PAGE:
Asked whether the high returns from tables in Macau may limit the growth of slots, Ms Burns stresses they are “two different things.”
“You’ll see distinct players on slot machines. This is a good question for an operator, because obviously they’re seeing the player more than even we are. You’ll see a player come to a slot machine that will probably only gamble on a slot machine. That isn’t a table player. Will they cross over? I don’t think we know the answer to that question yet. They may. I think you’ve just got to offer them plenty of product and see what they like. The early feedback is encouraging – that they do like slot machines.”
The growth of slot revenue has been explosive, though it comes against a low base. Ms Burns says the growth is just about where the major players expected it to be. “I don’t think there was any doubt that players from mainland China or Southeast Asia were going to enjoy playing slot machines. They’ve got universal appeal. If it’s a good game, if it’s entertaining, if it’s got good mathematics, and they enjoy it and it feels good, the player is going to play it.”
Features and Symbols
Ms Burns points out that the mix of features and symbols is the key determinant to a product’s success both worldwide and in a particular market. “It’s got to have the right combination that they like because quite often you’ll see a game that maybe has exactly the same features but different symbols and they don’t like it.”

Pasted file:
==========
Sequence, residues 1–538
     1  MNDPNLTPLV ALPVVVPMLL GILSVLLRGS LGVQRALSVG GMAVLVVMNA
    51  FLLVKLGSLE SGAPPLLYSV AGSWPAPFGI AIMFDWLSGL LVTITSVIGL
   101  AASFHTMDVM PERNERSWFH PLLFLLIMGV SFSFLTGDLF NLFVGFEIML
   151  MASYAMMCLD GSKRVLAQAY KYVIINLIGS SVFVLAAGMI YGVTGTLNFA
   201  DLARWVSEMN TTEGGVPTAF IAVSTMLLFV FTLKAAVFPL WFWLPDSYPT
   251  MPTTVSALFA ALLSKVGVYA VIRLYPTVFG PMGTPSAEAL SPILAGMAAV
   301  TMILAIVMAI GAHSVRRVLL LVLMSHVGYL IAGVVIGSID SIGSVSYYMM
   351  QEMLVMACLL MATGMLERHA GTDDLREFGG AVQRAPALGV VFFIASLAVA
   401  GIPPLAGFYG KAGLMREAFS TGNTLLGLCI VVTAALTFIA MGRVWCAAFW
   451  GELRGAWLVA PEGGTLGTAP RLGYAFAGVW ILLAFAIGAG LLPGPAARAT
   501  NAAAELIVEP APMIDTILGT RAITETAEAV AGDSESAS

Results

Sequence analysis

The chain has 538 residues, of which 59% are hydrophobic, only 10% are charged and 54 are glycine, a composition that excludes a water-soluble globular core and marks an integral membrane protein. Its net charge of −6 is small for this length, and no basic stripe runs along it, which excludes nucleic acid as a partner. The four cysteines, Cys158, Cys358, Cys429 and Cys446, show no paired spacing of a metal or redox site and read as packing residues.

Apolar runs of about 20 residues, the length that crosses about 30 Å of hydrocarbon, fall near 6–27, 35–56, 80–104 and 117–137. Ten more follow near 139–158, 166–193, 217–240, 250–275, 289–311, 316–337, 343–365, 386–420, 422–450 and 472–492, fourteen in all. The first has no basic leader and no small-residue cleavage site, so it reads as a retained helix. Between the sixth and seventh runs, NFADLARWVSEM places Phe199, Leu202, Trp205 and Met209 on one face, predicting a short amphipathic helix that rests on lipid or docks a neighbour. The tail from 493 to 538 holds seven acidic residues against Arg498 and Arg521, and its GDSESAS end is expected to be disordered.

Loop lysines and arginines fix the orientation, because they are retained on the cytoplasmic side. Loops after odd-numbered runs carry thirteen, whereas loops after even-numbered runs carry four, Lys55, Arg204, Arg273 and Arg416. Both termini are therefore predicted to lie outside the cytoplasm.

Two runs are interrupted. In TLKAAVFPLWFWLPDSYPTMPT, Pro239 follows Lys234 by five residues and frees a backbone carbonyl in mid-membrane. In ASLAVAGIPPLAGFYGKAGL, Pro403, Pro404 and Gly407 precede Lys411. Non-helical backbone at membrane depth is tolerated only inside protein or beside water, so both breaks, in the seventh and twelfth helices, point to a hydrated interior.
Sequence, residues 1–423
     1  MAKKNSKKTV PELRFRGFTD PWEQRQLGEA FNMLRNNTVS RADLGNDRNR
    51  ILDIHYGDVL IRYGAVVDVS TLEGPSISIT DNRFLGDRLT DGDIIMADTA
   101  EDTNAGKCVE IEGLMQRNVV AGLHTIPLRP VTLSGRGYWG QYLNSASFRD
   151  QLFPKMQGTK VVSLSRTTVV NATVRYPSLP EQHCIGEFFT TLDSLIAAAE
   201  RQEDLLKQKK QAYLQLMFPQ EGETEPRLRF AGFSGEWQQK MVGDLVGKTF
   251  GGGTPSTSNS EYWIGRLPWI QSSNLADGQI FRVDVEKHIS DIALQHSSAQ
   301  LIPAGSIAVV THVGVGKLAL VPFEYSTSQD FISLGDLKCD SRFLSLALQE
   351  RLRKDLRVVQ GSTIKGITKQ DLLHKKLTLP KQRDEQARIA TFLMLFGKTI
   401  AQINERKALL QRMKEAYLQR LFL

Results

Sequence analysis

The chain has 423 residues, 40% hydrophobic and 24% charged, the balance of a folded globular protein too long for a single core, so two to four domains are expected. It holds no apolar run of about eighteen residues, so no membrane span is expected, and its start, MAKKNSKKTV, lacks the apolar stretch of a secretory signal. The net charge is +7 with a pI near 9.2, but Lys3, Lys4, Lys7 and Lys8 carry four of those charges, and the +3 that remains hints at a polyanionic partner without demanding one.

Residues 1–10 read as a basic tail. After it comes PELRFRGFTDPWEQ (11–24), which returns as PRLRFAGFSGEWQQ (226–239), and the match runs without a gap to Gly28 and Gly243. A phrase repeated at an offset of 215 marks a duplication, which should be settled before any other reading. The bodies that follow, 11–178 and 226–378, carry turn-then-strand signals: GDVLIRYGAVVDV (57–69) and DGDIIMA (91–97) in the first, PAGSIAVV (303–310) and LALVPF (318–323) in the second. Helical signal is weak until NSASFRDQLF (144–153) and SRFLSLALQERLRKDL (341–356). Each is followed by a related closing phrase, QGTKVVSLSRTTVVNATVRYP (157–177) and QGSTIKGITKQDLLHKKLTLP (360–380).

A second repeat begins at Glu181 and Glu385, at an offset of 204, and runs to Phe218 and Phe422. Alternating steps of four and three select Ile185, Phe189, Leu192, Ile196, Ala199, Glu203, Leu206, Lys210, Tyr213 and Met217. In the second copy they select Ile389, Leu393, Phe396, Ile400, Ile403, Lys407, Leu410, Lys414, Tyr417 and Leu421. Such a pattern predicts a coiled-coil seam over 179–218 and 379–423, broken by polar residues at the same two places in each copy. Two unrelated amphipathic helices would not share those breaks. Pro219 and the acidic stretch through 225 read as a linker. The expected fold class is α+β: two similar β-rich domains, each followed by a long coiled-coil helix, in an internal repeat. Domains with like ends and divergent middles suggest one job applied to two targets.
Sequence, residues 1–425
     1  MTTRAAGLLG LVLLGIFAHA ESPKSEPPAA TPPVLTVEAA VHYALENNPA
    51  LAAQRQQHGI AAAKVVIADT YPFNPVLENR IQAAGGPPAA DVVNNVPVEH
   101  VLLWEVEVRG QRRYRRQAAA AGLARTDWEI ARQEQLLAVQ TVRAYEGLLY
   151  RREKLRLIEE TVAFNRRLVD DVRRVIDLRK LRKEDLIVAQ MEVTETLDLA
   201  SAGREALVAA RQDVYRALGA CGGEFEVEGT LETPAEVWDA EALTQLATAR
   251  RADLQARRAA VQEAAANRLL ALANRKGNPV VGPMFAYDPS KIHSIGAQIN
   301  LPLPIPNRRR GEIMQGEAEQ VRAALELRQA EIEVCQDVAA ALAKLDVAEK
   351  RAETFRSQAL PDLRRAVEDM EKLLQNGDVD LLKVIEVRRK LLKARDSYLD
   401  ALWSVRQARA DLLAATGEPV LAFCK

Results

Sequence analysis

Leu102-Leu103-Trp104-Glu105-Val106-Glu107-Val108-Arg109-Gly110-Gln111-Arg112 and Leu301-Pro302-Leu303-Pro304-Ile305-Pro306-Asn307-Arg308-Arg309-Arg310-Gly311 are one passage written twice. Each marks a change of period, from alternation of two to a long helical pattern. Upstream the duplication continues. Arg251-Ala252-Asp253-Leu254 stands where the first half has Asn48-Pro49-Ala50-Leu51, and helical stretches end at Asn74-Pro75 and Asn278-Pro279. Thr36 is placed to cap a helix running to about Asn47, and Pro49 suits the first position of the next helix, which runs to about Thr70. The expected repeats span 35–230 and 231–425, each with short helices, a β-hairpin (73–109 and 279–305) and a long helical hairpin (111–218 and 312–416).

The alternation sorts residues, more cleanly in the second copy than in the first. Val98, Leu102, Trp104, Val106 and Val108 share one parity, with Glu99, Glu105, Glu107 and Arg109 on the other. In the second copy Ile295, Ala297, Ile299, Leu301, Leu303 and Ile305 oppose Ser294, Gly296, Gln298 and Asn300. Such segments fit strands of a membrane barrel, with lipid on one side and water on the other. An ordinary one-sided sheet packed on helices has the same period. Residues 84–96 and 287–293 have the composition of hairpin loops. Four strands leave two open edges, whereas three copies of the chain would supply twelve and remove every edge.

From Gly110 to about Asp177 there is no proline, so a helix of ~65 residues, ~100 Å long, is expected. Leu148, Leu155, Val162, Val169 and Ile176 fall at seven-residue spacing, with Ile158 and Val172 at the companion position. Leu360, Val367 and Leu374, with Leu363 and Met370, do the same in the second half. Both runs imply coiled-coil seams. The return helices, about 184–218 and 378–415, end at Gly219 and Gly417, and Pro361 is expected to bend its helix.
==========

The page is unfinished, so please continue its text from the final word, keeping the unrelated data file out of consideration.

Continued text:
In Macau, “we’ve seen a very quick take-up in progressive product. People want to win the big prize. It is showing early to be a very strong progressive market.”
Furthermore, “Chinese players loves to gamble,” so they prefer high-volatility games to “entertainment” games. They also “like games that give them free games. They like colourful games.”
“Macau is a very consumer-driven market,” observes Ms. Burns, “because it’s small and also you have several operators starting pretty much around the same time and a player base that we’ve not seen before anywhere.”
The competitive nature of the market makes it innovative. “We’re seeing this new player base, and we’re getting an early indication on what they like. We’re giving them more, and also thinking what more we can do. Something different.”
One of Bally’s top performers in Macau is Winning Times. “I think it’s the symbols but also the games. You have an opportunity to win a bonus feature to multiply your wins.
The company also has high hopes for the Hot Shot Progressive, which it has just started rolling out in Macau. “This style of game will really launch us along here,” says Ms Burns. Another new game under approval for Macau is Roulette.
There is also a “tremendous communal feel” among gamblers in Macau, believes Ms Burns. “They like to be part of a community. They like people to know that they’re winning, and that they’re successful. And if you have games that foster that, they tend to be successful.” She points to Auction Fever as a game that caters to the desire for a communal feel, with everybody playing on a bank able to trigger an auction. “It’s a bidding war. You bid for a prize,” she explains.